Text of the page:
Many cases of giardiasis in the UK are undiagnosed and among other things, diagnosis is dependent upon the readiness of GPs to request a specimen. The aim of this study is to assess the rate of specimens requested per GP practice in Central Lancashire, to examine the differences between GP practices and to estimate the pattern of unexplained spatial variation in the practice rate of specimens after adjustment for deprivation. To achieve this, we fitted a set of binomial and Poisson regression models, with random effects for GP practice. Our analysis suggests that there were differences in the rate of specimens by GP practices (P < 0·001) for a single year, but no difference in the proportion of positive tests per specimen submitted or in the rate of positive specimens per practice population. There was a difference in the cumulative rate of positive specimens per practice population over a 9-year period (P < 0·001). Neither the specimen rate per practice for a single year nor the cumulative rate of positive specimens over multiple years demonstrated significant spatial correlation. Hence, spatial variation in the incidence of giardiasis is unlikely to be confounded by variation in GP rate of specimens.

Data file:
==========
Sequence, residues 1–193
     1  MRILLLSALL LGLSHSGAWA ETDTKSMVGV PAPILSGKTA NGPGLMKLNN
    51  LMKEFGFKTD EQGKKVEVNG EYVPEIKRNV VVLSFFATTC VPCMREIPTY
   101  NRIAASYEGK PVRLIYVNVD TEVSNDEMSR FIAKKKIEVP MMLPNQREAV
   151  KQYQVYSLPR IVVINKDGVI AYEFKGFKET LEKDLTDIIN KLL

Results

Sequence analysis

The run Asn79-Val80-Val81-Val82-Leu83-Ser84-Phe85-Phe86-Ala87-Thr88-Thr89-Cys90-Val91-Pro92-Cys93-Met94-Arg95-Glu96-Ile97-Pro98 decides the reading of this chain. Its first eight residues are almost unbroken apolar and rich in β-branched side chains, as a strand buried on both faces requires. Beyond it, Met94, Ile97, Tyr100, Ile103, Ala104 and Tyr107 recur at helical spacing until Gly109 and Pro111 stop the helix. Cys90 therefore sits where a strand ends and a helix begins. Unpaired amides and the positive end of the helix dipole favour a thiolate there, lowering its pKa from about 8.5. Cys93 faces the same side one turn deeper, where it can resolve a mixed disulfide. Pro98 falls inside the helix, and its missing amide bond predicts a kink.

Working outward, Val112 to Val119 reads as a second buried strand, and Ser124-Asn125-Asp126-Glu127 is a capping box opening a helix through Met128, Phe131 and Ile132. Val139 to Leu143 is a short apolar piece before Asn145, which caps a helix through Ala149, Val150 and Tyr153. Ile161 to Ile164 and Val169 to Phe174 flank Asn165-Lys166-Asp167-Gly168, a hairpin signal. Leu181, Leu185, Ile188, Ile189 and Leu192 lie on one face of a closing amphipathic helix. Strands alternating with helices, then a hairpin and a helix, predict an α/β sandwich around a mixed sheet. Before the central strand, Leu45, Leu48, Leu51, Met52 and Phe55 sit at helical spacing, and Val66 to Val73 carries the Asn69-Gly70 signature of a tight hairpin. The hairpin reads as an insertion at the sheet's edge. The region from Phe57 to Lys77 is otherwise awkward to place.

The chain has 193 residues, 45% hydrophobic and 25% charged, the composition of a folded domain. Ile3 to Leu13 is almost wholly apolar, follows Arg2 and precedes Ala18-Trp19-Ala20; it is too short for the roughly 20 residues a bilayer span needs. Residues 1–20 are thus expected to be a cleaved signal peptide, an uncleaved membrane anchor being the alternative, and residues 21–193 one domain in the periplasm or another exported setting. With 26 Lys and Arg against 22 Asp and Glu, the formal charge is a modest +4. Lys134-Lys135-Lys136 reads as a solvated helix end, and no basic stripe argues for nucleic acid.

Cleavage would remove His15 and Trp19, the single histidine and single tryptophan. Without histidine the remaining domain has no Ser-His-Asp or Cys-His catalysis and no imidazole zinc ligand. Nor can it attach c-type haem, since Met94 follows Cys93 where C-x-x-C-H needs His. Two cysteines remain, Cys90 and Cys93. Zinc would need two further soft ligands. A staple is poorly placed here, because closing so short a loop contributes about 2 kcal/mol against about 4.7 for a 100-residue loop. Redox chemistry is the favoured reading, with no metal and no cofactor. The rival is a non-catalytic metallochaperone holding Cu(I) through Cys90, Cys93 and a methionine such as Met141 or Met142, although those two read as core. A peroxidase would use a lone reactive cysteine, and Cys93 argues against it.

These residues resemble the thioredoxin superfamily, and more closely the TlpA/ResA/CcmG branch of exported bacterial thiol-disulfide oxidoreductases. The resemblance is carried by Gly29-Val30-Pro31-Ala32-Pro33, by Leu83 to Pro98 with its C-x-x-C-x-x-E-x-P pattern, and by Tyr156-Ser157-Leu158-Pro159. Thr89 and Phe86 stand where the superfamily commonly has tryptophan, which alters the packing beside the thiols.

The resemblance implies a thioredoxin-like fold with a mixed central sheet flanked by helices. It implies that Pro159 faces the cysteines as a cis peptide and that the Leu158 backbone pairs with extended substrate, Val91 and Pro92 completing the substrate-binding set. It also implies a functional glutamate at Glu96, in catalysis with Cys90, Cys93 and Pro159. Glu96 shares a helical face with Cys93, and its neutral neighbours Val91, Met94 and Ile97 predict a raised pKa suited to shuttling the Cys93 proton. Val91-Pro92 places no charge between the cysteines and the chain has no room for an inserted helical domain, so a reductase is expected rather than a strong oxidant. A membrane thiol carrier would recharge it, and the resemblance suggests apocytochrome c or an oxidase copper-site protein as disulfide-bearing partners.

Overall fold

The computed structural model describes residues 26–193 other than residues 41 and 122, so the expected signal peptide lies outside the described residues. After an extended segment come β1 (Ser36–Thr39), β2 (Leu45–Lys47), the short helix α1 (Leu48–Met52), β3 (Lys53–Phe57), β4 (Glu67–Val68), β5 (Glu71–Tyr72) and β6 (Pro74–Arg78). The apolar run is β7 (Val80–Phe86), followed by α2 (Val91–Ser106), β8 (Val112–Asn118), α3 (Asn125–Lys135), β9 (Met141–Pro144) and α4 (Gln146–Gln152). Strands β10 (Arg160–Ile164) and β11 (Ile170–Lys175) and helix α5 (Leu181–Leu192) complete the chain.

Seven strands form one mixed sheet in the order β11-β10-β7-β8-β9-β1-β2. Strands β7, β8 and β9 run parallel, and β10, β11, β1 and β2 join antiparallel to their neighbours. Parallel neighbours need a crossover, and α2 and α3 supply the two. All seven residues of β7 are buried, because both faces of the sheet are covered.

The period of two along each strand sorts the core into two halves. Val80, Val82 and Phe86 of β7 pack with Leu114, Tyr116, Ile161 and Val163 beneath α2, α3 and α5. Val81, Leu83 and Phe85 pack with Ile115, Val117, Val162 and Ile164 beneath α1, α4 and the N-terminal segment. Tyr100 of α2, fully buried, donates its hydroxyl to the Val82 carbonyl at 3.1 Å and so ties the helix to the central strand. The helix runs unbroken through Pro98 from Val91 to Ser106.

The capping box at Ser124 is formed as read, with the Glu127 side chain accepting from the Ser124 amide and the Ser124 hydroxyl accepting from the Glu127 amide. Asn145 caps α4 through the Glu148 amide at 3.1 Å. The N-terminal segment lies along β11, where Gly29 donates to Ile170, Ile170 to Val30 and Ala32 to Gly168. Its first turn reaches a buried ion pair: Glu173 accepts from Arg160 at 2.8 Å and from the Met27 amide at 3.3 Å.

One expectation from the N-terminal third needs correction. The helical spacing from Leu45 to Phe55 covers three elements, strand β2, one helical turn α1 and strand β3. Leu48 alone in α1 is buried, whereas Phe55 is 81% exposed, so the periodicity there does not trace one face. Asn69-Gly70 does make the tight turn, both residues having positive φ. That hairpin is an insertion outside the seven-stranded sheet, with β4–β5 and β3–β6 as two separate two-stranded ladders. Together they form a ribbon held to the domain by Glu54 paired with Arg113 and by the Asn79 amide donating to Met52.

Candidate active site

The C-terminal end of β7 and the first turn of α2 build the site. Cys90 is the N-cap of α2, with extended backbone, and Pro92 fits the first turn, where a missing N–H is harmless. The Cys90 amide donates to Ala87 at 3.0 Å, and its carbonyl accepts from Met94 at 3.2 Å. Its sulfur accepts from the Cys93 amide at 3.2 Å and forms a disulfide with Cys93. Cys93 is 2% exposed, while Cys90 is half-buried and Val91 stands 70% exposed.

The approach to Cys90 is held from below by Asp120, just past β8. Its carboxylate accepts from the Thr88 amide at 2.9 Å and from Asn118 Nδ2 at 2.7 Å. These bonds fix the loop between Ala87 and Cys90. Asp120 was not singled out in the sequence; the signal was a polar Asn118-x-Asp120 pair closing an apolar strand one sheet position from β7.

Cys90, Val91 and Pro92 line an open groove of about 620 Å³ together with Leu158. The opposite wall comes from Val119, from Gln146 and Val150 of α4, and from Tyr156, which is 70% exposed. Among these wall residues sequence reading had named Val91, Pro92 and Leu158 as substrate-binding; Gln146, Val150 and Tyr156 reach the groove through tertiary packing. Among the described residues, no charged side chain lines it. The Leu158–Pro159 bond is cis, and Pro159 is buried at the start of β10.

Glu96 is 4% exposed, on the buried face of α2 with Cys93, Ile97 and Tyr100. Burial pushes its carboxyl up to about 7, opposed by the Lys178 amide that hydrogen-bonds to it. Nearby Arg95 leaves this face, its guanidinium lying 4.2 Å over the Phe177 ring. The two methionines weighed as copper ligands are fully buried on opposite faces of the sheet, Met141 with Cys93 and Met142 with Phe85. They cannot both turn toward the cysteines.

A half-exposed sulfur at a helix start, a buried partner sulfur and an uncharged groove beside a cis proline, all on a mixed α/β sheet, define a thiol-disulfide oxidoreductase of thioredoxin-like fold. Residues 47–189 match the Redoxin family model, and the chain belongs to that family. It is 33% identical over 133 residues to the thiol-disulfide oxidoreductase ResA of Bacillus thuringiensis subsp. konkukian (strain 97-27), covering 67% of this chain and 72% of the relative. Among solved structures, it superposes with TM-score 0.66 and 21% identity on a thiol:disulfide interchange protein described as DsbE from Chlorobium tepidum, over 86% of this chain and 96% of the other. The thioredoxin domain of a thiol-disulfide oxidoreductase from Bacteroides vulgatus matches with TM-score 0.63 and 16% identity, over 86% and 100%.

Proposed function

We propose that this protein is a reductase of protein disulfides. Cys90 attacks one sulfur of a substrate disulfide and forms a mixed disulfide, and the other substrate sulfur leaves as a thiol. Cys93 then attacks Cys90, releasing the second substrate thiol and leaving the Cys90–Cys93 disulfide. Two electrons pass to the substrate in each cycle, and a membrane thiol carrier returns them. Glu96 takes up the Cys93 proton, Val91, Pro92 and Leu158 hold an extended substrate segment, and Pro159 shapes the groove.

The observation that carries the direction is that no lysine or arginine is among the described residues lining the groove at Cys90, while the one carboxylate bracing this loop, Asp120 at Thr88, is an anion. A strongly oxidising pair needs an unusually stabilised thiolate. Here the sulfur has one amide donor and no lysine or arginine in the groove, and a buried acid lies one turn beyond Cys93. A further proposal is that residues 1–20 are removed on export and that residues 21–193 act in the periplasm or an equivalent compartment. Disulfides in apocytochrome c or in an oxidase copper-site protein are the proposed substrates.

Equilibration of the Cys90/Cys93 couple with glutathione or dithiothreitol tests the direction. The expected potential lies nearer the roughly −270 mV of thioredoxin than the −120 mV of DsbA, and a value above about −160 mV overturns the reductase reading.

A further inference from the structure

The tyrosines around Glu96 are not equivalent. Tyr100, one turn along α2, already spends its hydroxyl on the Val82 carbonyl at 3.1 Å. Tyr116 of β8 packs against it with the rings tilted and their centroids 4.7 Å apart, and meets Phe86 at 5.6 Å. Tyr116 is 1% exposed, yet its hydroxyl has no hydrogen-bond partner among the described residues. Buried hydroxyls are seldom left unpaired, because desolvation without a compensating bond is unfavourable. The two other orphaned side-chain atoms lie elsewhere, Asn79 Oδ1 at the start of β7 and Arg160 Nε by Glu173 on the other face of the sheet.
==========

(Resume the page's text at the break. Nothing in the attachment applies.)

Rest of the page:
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Copyright © Cambridge University Press 2014.
- gastrointestinal infections
- public health
- water-borne infections